Selective abortion in India could lead to 6.8m fewer girls being born by 2030

(30 Posts)
BurningBright Fri 21-Aug-20 12:36:35

Guardian article: www.theguardian.com/global-development/2020/aug/21/selective-abortion-in-india-could-lead-to-68m-fewer-girls-being-born-by-2030

There are already an estimated 1.2 to 1.5 million missing female births worldwide each year because of selective abortion.

Amazing how everyone seems to know the difference between boys and girls when it comes to aborting female foetuses. And long before they get 'assigned female at birth'.

sadangry

OP’s posts: |
DryHeave Fri 21-Aug-20 12:38:57

China has the same male:female ratio as India. (1.11). World average is 1.05. With a billion+ people in each country, that’s a lot of missing females.

ISaySteadyOn Fri 21-Aug-20 12:40:30

So what could be a practical solution I wonder? How does one persuade people of the inherent worth of women and girls? Not that persuasion should be needed of course but it is nevertheless.

Alexandernevermind Fri 21-Aug-20 12:42:30

It's a horrible, horrible situation with no easy solution.

Siablue Fri 21-Aug-20 13:00:50

So horrible. This will only stop when girls are valued equally. If you make it harder to have sex selective abortions then the girls will be at risk once they are here.

CarlottaValdez Fri 21-Aug-20 13:03:38

Amazing how everyone seems to know the difference between boys and girls when it comes to aborting female foetuses

I doubt many desperate women in India under pressure to abort their daughters are transactivists so but really sure the point you’re trying to make here.

OhGodWhatTheHellNow Fri 21-Aug-20 16:37:54

Really Carlotta? Guess you missed the ActionAid 'no such thing as a biological women' statement then. After all, these are the people who are supposed to be looking out for the desperate, and apparently non-existent, women in India.

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CarlottaValdez Fri 21-Aug-20 16:49:49

They may be the ones looking out for them (or, as you say, meant to be). My point was that I can’t see there’s much crossover between people aborting their female foetuses and those who think you can change sex.

I assume the OP was saying it’s hypocritical or nonsensical to both abort females and believe sex is imaginary. Which is is of course but I don’t think these people holding both views exist so I wasn’t sure who she was spearing there.

Akire Fri 21-Aug-20 16:55:21

I can’t get my head around it, surely sons are only valuable if they marry and produce next generation of sons. A son is no use without wife or family wealth just get what? Passed onto some distance relation?

minnieok Fri 21-Aug-20 17:10:00

It's tradition for the girls to join their husbands family and boys support their parents in old age so if a family only has girls they are destitute and without care in old age traditionally. Plus there's the dowry (meant to now be illegal but still happens). Things are changing in cities, in the middle classes but society change takes a lot longer. I have British Indian friends with only girls and they couldn't care less but I know they were under pressure to try "one more time" for a boy which they rejected

Gronky Fri 21-Aug-20 18:17:21

Akire

I can’t get my head around it, surely sons are only valuable if they marry and produce next generation of sons. A son is no use without wife or family wealth just get what? Passed onto some distance relation?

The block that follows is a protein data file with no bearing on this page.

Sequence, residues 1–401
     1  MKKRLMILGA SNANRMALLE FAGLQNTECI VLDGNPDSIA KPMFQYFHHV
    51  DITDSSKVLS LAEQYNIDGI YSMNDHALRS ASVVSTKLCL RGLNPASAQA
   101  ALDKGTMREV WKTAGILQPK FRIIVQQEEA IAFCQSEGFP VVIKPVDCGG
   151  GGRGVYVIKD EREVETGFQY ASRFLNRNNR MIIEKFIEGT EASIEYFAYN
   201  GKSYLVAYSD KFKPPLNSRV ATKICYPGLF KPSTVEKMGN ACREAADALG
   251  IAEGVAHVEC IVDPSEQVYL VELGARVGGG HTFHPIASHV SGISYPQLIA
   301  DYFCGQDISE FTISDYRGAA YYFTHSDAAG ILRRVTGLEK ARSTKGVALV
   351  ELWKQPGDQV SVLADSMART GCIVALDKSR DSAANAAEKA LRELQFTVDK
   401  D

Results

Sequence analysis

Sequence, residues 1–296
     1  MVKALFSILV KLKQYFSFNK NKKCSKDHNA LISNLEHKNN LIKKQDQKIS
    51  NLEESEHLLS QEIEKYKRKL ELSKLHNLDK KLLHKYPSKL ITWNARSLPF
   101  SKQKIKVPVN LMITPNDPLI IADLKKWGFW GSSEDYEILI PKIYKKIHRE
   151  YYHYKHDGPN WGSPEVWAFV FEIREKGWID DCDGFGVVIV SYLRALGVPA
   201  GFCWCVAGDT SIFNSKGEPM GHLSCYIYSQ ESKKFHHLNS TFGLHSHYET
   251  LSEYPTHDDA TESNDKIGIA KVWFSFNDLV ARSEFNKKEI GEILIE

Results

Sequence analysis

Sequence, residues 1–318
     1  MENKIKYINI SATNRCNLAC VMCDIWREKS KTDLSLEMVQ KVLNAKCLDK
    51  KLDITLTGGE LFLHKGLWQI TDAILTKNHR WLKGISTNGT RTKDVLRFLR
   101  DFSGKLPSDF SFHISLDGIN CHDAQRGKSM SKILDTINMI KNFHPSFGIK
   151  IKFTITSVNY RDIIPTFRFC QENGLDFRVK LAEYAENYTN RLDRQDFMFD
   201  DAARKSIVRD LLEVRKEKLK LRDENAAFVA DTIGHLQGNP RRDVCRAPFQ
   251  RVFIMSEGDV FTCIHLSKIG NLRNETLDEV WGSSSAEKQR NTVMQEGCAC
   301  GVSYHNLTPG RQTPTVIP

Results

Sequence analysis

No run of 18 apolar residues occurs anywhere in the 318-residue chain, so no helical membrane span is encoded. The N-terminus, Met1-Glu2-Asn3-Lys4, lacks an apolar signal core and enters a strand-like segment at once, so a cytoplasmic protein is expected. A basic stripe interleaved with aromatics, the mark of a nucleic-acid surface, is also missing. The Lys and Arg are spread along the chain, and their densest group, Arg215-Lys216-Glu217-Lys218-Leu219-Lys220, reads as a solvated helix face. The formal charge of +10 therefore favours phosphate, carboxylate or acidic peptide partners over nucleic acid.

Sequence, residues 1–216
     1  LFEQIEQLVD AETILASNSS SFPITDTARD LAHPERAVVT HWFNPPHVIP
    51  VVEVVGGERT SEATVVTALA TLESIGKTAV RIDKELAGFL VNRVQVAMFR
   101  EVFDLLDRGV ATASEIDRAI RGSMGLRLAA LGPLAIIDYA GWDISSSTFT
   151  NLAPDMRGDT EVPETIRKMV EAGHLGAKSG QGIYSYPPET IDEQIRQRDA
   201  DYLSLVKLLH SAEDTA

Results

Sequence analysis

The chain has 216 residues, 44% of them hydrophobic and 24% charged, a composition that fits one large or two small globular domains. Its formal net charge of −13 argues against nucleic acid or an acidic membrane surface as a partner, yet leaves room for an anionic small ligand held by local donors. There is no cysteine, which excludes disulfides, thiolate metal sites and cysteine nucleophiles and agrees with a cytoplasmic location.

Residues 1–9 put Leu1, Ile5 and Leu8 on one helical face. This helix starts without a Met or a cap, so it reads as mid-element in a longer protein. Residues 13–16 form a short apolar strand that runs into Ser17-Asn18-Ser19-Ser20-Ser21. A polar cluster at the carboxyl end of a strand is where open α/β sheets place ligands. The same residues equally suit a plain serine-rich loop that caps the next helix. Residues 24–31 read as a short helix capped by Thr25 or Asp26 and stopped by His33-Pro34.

It's a stochastic game with long intervals between stages. This encourages decisions which are also detrimental to all participants (selective abortion) if taken by a sizeable minority-majority, with a particular benefit to early participants. Unfortunately, the detriments of this decision being taken on a wider scale do not manifest for over a decade.

I find it disheartening that advances which were intended to improve the welfare of children are being exploited by a backwards culture (by which I mean those who use them this way, not all Indians).

Mum2154 Fri 21-Aug-20 18:38:58

It’s not just in India these old fashioned views are carried into the so called “modern” Indians backgrounds here in UK too! DH’s family are Indian and modern but when I had first (DD) it was like someone had died. I stopped talking to his sister as she kept saying inappropriate things about my daughter. His relatives gave their “condolences” to us and told us they’ll be praying next one is a boy! angry

His mum said it too but I have to speak to her for DH’s sake. He didn’t stick up for our daughter and said some idiotic things. Now I have a boy it’s like (in their eyes) that I’m the biggest star in the world!

They all dote on my DD but evil me is planning subtle ways of reminding them everything they said when she was born.

Mum2154 Fri 21-Aug-20 18:41:19

Sorry went off on a tangent and talking about myself only lol!

Back to the article - the only way they will learn is when there’s a shortage of girls and their previous sons will have no one to marry and carry on their names. This can’t continue.

nepeta Fri 21-Aug-20 22:33:26

Mum2154

Sorry went off on a tangent and talking about myself only lol!

Back to the article - the only way they will learn is when there’s a shortage of girls and their previous sons will have no one to marry and carry on their names. This can’t continue.

The articles from some parts of China suggest that even the shortage of wives doesn't have much impact on this problem as wives can then be acquired from neighboring countries, by force, if necessary.